Portions of the pizza event will air on the Spike TV "Guys' Choice" show on June 21.
PHILADELPHIA, Feb 5 (Reuters) – About 18,000 people turned out before dawn on Friday for the 18th Wing Bowl, an eating competition dubbed the world's biggest, and an annual celebration of Philadelphia's raucous sports-crazed culture.
Jonathan "Super Squibb" Squibb, a 24-year-old accountant from Berlin, New Jersey won the contest for the second consecutive year after eating 238 wings, just three short of the record, without vomiting.
He defeated nearly 30 other male finalists who competed in an indoor sports arena in a bid to eat the most chicken wings in two 14-minute rounds, capped by a two-minute "wing-off."
Each competitor was attended by a posse of wingettes, scantily clad young women who fetched the wings and mopped the brows of the contestants to the delight of the overwhelmingly male crowd.
Wingettes also competed with each other to attract roving jumbotron cameras by exposing various parts of their anatomy and encouraging the few female members of the audience to do the same.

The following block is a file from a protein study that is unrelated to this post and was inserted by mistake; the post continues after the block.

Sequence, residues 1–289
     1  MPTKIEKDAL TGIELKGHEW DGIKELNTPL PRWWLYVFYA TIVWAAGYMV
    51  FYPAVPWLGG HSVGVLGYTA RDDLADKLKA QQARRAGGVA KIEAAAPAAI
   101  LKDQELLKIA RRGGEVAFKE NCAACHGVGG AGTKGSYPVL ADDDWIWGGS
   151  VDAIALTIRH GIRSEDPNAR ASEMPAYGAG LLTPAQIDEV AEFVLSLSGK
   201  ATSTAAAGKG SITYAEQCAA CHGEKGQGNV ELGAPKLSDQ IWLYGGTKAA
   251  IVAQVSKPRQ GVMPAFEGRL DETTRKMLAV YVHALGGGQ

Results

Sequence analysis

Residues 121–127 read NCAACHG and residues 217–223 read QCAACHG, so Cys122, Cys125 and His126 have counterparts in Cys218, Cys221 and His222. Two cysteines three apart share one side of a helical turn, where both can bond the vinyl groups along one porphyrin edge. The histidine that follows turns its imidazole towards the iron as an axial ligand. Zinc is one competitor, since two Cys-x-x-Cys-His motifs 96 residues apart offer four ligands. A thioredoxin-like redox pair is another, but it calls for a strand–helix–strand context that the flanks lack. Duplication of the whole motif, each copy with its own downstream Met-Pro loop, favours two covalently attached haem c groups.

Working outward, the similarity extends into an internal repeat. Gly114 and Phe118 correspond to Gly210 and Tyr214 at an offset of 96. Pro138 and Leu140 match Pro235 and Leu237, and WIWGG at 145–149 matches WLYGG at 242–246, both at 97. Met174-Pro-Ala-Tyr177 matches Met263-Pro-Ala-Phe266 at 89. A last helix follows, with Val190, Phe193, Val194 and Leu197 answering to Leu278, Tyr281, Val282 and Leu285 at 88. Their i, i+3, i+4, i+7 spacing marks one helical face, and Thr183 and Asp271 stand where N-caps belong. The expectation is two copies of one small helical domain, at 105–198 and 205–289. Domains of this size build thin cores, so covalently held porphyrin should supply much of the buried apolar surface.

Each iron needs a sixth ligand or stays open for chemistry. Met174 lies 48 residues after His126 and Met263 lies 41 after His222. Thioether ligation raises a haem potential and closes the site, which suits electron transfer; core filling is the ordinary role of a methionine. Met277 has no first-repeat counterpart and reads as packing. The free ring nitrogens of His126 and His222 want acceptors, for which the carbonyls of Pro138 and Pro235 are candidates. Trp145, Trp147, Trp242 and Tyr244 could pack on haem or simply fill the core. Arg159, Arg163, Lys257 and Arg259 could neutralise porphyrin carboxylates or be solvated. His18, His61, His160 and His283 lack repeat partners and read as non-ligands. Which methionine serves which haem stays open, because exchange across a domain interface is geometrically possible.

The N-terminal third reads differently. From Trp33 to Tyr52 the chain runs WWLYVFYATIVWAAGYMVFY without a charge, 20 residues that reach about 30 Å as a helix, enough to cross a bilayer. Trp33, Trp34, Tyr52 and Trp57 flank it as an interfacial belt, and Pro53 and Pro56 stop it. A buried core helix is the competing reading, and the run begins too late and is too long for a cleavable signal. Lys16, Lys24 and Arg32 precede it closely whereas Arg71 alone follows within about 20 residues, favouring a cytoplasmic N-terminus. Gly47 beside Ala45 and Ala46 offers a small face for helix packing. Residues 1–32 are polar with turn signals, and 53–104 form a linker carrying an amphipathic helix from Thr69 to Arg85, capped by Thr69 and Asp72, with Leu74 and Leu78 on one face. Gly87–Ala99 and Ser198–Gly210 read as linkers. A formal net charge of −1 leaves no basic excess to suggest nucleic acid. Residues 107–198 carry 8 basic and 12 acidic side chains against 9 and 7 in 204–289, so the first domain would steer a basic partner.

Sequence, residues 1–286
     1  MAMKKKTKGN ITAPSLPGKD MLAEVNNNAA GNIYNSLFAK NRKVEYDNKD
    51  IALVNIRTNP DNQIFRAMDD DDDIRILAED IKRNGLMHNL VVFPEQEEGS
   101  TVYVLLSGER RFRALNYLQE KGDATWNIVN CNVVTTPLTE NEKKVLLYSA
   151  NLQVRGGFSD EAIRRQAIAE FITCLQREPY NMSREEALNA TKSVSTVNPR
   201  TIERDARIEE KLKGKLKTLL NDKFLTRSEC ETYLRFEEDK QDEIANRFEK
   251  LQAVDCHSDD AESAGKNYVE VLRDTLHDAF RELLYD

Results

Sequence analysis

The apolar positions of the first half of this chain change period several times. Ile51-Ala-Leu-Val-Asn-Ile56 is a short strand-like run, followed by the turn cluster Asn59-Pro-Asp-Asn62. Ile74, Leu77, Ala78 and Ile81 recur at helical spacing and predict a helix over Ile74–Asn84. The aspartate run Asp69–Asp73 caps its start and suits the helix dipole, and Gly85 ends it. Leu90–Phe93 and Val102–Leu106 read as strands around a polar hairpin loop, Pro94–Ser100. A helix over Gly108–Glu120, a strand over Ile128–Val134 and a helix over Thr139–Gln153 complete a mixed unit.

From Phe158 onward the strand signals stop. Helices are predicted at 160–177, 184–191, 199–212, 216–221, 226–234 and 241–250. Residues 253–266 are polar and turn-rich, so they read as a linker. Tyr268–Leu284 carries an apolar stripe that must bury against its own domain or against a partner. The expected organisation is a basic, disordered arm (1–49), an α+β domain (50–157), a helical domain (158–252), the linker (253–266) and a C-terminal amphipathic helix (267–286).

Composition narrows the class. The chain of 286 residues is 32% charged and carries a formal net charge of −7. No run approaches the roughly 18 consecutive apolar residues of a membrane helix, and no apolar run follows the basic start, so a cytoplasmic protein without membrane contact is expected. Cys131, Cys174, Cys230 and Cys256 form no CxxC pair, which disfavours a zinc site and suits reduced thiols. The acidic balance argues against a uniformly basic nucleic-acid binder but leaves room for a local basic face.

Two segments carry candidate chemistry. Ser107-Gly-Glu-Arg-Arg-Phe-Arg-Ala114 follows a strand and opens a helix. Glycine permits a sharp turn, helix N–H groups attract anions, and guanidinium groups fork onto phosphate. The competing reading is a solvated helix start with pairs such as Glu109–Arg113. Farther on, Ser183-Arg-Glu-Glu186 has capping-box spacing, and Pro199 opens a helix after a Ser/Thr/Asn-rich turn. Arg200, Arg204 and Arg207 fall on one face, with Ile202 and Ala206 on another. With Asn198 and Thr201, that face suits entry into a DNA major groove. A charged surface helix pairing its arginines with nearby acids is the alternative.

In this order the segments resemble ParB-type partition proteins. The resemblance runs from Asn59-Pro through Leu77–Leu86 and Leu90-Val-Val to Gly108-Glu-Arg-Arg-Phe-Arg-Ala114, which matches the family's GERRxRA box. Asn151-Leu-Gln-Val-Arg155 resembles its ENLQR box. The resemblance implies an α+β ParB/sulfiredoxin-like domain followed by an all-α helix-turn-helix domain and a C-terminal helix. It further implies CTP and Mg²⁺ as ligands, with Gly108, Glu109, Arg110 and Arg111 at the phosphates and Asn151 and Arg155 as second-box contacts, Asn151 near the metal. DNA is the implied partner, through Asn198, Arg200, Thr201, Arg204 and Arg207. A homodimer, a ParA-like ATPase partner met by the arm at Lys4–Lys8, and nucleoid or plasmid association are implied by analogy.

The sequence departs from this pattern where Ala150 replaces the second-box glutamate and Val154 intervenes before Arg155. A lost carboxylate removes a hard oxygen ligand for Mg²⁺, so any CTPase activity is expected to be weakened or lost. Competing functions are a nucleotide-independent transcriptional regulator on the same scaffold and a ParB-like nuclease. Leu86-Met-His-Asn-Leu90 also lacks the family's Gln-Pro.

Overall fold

"There's all sorts of wild behaviour that I can't describe because the law won't allow me to," said Angelo Cataldi, a host of WIP 610, the sports talk radio station that started the event 18 years ago as a consolation prize for fans of the Philadelphia Eagles football team when they failed to qualify for the Super Bowl.
Contestants also competed with each other for the largest bodies, the silliest aliases, and the most outlandish eating feats to qualify for the final.
Ryan Zarzycki, who is also known as The Polish Assassin, ate 12 perogies and eight inches of kielbasa sausage in three minutes, while Adam Taxin, a 205-pound (93 kilos) Philadelphian known as The Hungry, Hungry Hebrew, consumed 30 latkes in five minutes.
As the crowd roared, contestants entered the arena on homemade floats with an entourage of wingettes and people adorned in angel wings, tasseled bikinis, mardi gras masks and sequined gowns.
"This is our indoor mardi gras," said Bill "El Wingador" Simmons, a five-time winner. "It's the biggest eating event in the world."
Simmons, 48, said the overall standard of the competition has improved since his victories, with more people able to eat more wings.
"You have a better quality of eater," he said. "These young guys are putting it away."
But some could not take the frantic pace.
The Wing Bowl's best-known rule is: "You Heave, You Leave."